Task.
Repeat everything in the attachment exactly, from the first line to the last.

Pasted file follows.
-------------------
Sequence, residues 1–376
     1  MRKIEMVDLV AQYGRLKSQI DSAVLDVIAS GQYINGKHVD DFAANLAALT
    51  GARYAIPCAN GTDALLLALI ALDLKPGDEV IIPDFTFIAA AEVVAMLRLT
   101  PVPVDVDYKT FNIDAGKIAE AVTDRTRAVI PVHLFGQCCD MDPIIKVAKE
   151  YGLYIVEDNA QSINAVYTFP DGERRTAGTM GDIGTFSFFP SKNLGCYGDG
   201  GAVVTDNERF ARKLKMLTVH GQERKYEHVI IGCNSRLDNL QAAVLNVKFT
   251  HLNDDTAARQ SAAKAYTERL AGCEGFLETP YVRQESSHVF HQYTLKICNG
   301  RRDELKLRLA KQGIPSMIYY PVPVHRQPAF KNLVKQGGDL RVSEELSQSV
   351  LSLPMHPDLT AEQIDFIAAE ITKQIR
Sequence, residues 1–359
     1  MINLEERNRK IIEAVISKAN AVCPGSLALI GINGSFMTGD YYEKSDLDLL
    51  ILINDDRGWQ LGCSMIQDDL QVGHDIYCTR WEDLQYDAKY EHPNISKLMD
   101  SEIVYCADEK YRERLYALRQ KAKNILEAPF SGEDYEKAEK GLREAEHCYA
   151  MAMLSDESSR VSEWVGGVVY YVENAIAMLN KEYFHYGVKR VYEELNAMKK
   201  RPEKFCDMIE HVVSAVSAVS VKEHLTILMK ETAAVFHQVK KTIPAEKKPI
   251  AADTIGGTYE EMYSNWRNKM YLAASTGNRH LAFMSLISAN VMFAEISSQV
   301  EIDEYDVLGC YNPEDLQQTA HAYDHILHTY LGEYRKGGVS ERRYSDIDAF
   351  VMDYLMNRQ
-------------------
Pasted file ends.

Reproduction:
Sequence, residues 1–376
     1  MRKIEMVDLV AQYGRLKSQI DSAVLDVIAS GQYINGKHVD DFAANLAALT
    51  GARYAIPCAN GTDALLLALI ALDLKPGDEV IIPDFTFIAA AEVVAMLRLT
   101  PVPVDVDYKT FNIDAGKIAE AVTDRTRAVI PVHLFGQCCD MDPIIKVAKE
   151  YGLYIVEDNA QSINAVYTFP DGERRTAGTM GDIGTFSFFP SKNLGCYGDG
   201  GAVVTDNERF ARKLKMLTVH GQERKYEHVI IGCNSRLDNL QAAVLNVKFT
   251  HLNDDTAARQ SAAKAYTERL AGCEGFLETP YVRQESSHVF HQYTLKICNG
   301  RRDELKLRLA KQGIPSMIYY PVPVHRQPAF KNLVKQGGDL RVSEELSQSV
   351  LSLPMHPDLT AEQIDFIAAE ITKQIR
Sequence, residues 1–359
     1  MINLEERNRK IIEAVISKAN AVCPGSLALI GINGSFMTGD YYEKSDLDLL
    51  ILINDDRGWQ LGCSMIQDDL QVGHDIYCTR WEDLQYDAKY EHPNISKLMD
   101  SEIVYCADEK YRERLYALRQ KAKNILEAPF SGEDYEKAEK GLREAEHCYA
   151  MAMLSDESSR VSEWVGGVVY YVENAIAMLN KEYFHYGVKR VYEELNAMKK
   201  RPEKFCDMIE HVVSAVSAVS VKEHLTILMK ETAAVFHQVK KTIPAEKKPI
   251  AADTIGGTYE EMYSNWRNKM YLAASTGNRH LAFMSLISAN VMFAEISSQV
   301  EIDEYDVLGC YNPEDLQQTA HAYDHILHTY LGEYRKGGVS ERRYSDIDAF
   351  VMDYLMNRQ